Although common and/or the norm in many European countries (notably Germany) a "hung parliament" with no party having an overall majority is rare in Britain, the last one having been in 1974.

As well as the Big 3, there are what I call "the Bits and Pieces" - a rag bag of 28 Irish, Scottish and Welsh nationalists, Irish Unionists, an Irish neither Unionist nor Nationalist, an Irish Independent (Ireland never votes for the Big 3) and one Green (a novelty in the British parliament).

Now do the arithmetic. A majority is 326 seats. Tory + Lib Dem = 361. Labour + LD = 315. To build a majority, Labour needs to get not only the LD's on side but 11 of the Bits and Pieces as well.

Clegg is the King Maker but you have to understand that a central plank of Lib Dem policy is electoral reform to remove the situation whereby, under the British voting system, the LDs score 23% of the vote but only 9% of the seats in Parliament. Labour and Conservative, of course, are reluctant to give up their in-built advantage but Labour have recently had a bit of deathbed conversion to electoral reform - cynics believe this is because they predicted losing their majority and wanted to have something to be able to attract the LDs on board. The Tories remain wedded to the present system.

Clegg said he would speak first to the party with the most seats. The Tories and the Lib Dems are unlikely bedfellows but is an alliance between the second and third placed parties (plus some of the Bits and Pieces) to shut the first placed party out of power credible? The political pundits are saying the most likely outcome will be a Conservative minority government (as there is in Canada, Portugal and Scotland to name but three: it means the government has to try and rule by consensus).     

Where we are just now (Friday night, day after the election) is that the Tories and LDs are closeted in talks. Brown, meanwhile, remains the Prime Minister. Only if/when the Tories and LDs succeed in forging an alliance will Brown have ceased to "command the confidence of a majority in Parliament", as the sonorous phrase has it, and have to go Buckingham Palace and tender his resignation to the Queen.

And if (when?) the Tories and LD's don't form an alliance? Well Brown announced outside No. 10 Downing Street (office and official residence of the PM in London) this afternoon that he is open to talks with Clegg and promising an early referendum on electoral reform. This would be a huge prize for the LDs but dare they be associated in a "grubby backroom deal" with a party which has lost its mandate?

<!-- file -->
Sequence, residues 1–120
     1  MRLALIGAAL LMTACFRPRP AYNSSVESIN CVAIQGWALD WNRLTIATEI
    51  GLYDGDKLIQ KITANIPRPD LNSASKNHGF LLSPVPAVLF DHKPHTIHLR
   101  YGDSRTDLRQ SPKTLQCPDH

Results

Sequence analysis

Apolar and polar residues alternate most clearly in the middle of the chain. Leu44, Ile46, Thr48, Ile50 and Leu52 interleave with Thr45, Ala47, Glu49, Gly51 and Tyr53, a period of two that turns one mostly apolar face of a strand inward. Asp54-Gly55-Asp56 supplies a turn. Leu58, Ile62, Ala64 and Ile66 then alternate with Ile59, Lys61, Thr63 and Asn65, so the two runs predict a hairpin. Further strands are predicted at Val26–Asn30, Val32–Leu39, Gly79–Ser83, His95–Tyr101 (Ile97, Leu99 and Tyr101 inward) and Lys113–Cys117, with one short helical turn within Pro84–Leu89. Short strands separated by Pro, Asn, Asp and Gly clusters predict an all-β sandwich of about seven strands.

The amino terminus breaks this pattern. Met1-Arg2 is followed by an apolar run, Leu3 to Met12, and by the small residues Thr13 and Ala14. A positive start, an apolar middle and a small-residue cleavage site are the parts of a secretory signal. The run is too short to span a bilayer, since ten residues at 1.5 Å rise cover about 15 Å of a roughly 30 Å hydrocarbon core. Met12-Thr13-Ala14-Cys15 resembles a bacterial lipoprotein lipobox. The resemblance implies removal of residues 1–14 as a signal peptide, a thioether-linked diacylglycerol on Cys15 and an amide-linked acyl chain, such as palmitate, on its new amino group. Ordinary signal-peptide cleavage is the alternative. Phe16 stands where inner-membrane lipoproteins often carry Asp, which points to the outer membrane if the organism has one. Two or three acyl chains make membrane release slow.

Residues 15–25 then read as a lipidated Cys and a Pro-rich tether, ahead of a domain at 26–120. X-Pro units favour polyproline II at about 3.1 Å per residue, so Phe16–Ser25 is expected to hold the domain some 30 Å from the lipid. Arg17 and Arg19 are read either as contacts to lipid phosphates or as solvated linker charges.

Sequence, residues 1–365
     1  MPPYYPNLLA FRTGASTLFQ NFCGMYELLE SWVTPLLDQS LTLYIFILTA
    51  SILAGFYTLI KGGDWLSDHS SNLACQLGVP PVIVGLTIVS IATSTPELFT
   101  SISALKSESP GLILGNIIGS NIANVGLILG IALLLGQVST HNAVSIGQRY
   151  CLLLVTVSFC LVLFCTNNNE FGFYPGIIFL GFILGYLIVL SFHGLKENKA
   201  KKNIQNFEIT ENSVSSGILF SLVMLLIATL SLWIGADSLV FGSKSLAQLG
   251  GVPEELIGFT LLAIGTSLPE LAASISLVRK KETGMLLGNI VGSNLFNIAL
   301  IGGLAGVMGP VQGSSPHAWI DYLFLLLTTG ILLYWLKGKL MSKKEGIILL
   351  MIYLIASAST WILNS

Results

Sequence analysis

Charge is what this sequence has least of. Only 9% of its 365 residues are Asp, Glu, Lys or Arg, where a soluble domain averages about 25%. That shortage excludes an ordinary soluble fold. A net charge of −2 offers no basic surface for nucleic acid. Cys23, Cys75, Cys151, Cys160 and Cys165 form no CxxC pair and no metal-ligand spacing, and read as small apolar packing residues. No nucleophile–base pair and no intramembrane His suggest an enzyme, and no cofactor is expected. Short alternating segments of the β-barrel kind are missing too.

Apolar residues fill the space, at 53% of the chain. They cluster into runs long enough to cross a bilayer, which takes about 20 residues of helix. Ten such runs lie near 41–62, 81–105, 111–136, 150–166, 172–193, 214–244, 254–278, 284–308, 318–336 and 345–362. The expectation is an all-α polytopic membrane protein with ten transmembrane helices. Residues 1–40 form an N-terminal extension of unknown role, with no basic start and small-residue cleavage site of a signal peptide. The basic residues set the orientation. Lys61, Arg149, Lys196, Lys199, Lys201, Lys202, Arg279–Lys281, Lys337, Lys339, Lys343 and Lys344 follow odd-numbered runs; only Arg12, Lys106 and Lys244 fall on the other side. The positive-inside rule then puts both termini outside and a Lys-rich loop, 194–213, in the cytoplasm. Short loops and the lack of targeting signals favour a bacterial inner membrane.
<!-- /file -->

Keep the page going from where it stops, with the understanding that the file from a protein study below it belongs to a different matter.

And what of the Bits and Pieces? If you can't scrape enough of them together, it'd be a minority government of the 2nd and 3rd placed parties instead of a minority government of the winning party - is that credible? Horrid little Salmon of the Scot Nats (6 seats) has said no to any deals with Tory or Labour but you're probably better off without his sort anyway. You'd be permanently looking over your shoulder, getting in to bed with that sort of crowd of gnats, taffs and bogtrotters. At least you know where you stand with Sinn Feinn (ultra Irish Nationalist) - they never take their 5 seats in Parliament because it involves swearing an oath of allegiance to the Crown which is anathema to Fenians.

And on the subject of the Crown, she was at Windsor Castle today but apparently her private secretary has taken up almost permanent residence at No 10 so as to be aware of what's going on and report back. If none of the Big 3 parties can do a deal with each other, then it will be her decision who is asked to form the next government: the job is more than just hosting garden parties and trooping the colour.

She would almost certainly appoint Cameron as leader of the biggest party. That's what she did at the last hung parliament in 1974 when the Tories under Edward Heath lost their majority and couldn't form an alliance with the Liberal Party (as they were called then). She appointed the leader of the largest party, Harold Wilson of Labour, as Prime Minister of a minority government. There was another election 8 months later (when Labour won a majority albeit a slim one) so don't assume the next British general election will be 5 years hence.

Fascinating stuff.

Is it just me, or does Clegg's hair look the brush on one of these shoe cleaning machines you see at airports?